In recent years, Graphic Medicine has emerged as an important movement in changing attitudes to patient experience within the practice of Western medicine. Combining insights from life writing and comics studies, Graphic Medicine texts and scholarship evidence the efficacy of life narrative in the medium of comics for opening up new channels of communication between medical staff, patients, their loved ones, and the community; providing alternative sites for community building among patients and their loved ones in regards to specific conditions and their related treatments; and for educating medical practitioners about patient experiences within healthcare systems. Graphic Medicine also provides new opportunities for life narratives to be coaxed, collected, and published for the benefit of the wider community and for the education of medical professionals.
This special issue of Biography will bring comics practitioners and other artists who work within the field of graphic medicine and/or life writing together with scholars of graphic medicine, life writing, and comics to examine the rise of Graphic Medicine as a discourse and practice, and to consider its possible futures, limits, sites of expansion, and the challenges it may face in offering alternative perspectives on the lived experience of health, illness, and healthcare systems, and their attendant discourses.
The guest editors welcome proposals for scholarly articles and comics on any of the following topics:
The graphic in Graphic Medicine: Can Graphic Medicine help overcome stigmas regarding the body, affective states, and psychological responses associated with different forms of illness and disability? What are the possible limit cases for telling personal stories of illness, health, and death in Graphic Medicine? What role do images play when Graphic Medicine texts attempt to narrate experiences associated with healthcare—such as specific procedures, side effects, or elements of recovery—that may go against social and cultural norms of “good taste”?
Ethics: What ethical questions are raised when artists tell the stories of others in Graphic Medicine? What questions emerge when a patient’s illness story necessarily involves telling the stories of others?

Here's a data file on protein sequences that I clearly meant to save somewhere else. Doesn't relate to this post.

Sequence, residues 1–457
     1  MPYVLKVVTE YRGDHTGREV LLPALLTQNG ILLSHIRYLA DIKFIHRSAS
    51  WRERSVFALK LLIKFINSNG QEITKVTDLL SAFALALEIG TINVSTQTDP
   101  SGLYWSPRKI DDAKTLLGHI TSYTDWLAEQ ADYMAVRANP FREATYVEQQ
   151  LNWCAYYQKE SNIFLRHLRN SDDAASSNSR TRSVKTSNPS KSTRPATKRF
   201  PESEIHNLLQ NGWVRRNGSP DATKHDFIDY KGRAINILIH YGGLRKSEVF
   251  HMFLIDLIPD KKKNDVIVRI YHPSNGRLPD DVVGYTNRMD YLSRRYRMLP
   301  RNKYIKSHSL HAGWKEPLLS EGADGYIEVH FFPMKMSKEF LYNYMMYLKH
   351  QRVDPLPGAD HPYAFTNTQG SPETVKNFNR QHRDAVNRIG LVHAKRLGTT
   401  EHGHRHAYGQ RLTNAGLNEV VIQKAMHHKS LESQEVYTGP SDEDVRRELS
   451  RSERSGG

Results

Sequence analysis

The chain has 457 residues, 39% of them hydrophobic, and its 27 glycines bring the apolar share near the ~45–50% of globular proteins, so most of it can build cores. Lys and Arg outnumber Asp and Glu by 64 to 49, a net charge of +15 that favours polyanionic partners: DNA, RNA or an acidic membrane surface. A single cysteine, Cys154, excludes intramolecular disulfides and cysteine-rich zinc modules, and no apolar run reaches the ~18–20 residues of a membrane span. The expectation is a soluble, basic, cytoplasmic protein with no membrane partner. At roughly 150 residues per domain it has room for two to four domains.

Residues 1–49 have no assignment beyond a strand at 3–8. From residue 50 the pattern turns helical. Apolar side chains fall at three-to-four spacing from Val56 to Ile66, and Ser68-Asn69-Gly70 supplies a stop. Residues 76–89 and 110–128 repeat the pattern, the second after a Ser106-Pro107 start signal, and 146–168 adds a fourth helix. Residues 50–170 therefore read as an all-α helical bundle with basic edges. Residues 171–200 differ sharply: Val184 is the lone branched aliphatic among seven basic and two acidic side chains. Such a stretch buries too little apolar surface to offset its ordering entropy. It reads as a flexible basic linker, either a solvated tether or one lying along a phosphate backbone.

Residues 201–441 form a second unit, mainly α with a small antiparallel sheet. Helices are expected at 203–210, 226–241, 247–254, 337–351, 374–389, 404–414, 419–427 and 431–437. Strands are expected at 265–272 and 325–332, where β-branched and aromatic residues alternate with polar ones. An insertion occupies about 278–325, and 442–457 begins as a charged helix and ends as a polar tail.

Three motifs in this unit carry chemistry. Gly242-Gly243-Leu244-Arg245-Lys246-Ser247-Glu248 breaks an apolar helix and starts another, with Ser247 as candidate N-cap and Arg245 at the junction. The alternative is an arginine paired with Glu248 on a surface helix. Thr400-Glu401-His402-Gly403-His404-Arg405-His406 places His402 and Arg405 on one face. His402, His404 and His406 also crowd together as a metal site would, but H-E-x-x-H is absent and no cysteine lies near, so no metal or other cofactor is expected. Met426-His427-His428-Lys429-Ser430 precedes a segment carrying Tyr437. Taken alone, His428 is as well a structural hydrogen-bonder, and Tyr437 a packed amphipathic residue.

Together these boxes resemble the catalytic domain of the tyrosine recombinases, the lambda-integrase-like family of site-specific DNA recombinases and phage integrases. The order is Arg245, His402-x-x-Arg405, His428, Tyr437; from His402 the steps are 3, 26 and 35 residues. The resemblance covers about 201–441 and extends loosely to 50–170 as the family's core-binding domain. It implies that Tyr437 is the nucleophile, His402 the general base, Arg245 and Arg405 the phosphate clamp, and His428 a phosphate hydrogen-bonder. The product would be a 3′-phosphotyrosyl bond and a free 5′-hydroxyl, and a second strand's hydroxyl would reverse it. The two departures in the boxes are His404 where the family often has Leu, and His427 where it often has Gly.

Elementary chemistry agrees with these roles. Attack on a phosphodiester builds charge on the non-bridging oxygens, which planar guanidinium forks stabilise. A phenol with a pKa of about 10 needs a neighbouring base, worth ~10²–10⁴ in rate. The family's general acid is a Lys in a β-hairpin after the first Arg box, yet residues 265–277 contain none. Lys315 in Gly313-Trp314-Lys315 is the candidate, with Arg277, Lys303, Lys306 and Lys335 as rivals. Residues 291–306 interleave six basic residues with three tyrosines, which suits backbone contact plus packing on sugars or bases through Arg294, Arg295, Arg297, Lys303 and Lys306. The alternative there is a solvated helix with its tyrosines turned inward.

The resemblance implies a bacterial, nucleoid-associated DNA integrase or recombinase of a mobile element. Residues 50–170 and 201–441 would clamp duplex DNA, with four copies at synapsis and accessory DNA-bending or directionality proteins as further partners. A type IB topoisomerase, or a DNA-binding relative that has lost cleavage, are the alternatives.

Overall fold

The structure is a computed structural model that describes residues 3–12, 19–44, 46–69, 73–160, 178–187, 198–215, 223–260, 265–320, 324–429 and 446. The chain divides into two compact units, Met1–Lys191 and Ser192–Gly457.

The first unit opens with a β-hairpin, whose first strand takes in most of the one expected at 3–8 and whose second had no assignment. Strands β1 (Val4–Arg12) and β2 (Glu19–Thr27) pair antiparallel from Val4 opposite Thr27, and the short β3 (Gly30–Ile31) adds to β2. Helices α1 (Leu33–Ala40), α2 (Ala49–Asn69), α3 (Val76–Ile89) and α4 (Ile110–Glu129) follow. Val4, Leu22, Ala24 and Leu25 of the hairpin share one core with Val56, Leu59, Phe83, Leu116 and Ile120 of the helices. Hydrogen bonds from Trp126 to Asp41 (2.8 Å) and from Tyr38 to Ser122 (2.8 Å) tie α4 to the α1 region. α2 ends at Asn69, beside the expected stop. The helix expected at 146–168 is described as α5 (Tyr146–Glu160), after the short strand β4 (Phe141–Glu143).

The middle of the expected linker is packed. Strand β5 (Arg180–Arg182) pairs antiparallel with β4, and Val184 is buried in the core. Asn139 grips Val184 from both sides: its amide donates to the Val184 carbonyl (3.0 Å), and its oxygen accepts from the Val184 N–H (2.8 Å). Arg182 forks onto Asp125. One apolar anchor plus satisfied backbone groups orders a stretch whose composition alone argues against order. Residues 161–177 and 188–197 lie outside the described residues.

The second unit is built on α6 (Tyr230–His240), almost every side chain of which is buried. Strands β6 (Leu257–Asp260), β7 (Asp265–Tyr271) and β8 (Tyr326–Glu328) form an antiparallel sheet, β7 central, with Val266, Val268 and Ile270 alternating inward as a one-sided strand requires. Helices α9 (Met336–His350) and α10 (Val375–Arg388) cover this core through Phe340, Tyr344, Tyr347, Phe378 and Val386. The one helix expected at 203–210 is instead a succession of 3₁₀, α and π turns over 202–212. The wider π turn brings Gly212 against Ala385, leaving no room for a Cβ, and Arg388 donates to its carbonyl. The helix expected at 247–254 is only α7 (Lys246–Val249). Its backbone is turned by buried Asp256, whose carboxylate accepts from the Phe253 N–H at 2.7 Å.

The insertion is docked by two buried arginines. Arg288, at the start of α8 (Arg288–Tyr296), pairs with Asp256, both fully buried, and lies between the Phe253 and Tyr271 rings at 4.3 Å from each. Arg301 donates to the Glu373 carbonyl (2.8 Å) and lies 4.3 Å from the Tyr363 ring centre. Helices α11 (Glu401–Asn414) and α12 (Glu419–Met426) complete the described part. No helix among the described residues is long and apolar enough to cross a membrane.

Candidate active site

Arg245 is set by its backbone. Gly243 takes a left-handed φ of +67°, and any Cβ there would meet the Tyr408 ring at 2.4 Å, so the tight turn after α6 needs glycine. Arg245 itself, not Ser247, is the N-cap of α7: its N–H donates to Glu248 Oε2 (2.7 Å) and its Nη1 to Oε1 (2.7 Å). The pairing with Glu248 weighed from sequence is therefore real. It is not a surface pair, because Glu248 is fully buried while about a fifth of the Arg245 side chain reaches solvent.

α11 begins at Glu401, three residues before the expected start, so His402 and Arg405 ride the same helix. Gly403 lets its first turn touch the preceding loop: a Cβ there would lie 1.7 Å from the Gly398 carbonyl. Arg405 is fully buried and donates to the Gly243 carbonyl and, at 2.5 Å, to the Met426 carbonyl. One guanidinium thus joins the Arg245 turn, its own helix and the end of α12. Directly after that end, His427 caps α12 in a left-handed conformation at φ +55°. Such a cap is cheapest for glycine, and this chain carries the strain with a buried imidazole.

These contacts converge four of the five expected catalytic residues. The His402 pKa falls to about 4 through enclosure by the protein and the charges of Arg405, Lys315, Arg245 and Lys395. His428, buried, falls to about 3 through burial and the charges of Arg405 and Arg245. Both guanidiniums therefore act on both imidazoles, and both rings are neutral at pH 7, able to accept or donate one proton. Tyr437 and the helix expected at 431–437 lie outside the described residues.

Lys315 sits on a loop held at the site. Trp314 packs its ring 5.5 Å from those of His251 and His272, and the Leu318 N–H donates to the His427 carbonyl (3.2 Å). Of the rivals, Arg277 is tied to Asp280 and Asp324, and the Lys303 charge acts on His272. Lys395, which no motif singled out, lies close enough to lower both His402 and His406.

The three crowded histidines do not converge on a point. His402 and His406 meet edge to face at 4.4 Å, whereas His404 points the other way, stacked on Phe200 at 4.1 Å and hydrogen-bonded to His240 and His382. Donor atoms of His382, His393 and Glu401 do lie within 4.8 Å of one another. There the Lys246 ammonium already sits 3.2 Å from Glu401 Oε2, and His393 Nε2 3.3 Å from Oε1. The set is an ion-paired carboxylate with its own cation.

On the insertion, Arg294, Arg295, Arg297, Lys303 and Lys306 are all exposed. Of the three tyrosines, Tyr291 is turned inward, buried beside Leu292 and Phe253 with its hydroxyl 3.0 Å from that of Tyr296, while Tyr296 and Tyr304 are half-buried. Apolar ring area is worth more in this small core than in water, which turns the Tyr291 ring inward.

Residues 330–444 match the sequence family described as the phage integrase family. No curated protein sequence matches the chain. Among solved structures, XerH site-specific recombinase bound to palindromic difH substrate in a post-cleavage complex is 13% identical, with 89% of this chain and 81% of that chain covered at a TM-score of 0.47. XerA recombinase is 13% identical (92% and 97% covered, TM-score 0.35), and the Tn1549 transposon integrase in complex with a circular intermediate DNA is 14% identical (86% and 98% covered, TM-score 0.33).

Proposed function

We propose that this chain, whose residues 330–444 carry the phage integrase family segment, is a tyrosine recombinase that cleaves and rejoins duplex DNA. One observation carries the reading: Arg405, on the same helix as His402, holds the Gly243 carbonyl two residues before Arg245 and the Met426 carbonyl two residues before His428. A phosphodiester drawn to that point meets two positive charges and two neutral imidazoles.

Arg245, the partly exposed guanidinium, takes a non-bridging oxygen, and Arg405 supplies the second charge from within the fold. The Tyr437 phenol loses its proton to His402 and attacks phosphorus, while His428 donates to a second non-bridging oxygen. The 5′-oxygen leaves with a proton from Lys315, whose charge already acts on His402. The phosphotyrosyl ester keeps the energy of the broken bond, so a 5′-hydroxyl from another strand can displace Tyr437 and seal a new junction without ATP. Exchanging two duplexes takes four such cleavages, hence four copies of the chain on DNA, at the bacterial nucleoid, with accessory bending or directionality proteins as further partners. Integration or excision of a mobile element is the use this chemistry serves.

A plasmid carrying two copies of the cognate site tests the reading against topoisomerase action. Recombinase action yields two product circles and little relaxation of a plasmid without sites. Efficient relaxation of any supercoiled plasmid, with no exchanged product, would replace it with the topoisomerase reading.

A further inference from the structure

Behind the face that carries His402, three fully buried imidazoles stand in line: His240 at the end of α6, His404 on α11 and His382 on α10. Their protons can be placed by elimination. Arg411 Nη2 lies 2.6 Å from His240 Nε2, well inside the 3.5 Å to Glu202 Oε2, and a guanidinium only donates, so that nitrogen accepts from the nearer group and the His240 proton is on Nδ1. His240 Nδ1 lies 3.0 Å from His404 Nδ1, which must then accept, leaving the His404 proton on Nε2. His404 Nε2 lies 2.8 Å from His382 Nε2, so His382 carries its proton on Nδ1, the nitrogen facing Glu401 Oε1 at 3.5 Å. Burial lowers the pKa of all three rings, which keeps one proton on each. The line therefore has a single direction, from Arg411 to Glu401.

Fictionality: Is there a role in Graphic Medicine for fictive stories of patient experience? Why might practitioners turn to invention and fictionality to tell true stories of health and illness? Does fictionality open up different avenues of critique of medical discourses and practices?
Mediality and terminology: Must the term “Graphic Medicine” only apply to life narratives about health and illness told in comics? Can personal zines, visual artworks, documentaries, live performances, site-specific installations, blogs, Twitter, and other forms of multimodal or intermedial life writing also be included under the banner of “Graphic Medicine”? How might current theorizing about what Graphic Medicine is and does change if other cultural forms were included in its rubric?
Graphic Medicine and disability studies: How do the principles, ideas, and practices of Graphic Medicine intersect with the field of critical disability studies?
Graphic Medicine and diversity: Can the focus on the experiences and expectations patients have when interacting with institutions and procedures in Graphic Medicine expand the recognition of and respect for bodily and psychological difference and neurodiversity within the medical establishment? Does this potential for increased recognition of diversity create a tension with the medical discourses that underpin the provision of healthcare and treatment?
Graphic Medicine and epistemology: What alternative forms of care and healing does Graphic Medicine need to address? Does it offer a means for communicating the importance and efficacy of non-Western and Indigenous practices?
Graphic Medicine and intersectionality: Can Graphic Medicine offer new insights into effects of race, gender, sexuality, ethnicity, class, and age in informing access to the provision of healthcare? How might Graphic Medicine address the discourses that structure the scene of encounter between patient and medical staff and shape how patients’ experiences are interpreted?
We are interested in papers and articles that explore Graphic Medicine from creative practitioner and scholarly perspectives, and which may take the form of original artwork in comics or other text-image combinations, as well as more traditional scholarly formats.
Please submit 350–500-word abstracts or proposals for creative works to Erin La Cour and Anna Poletti by September 15, 2019 to email@example.com. Notifications will be sent by November 15, 2019. Articles of up to 10,000 words or creative works of up to 10 pages in draft form will be due March 1, 2020, and will be workshopped prior to the International AutoBiography Association (IABA) world conference in Turku, Finland, June 9–12, 2020. Biography will reimburse workshop participants for accommodations.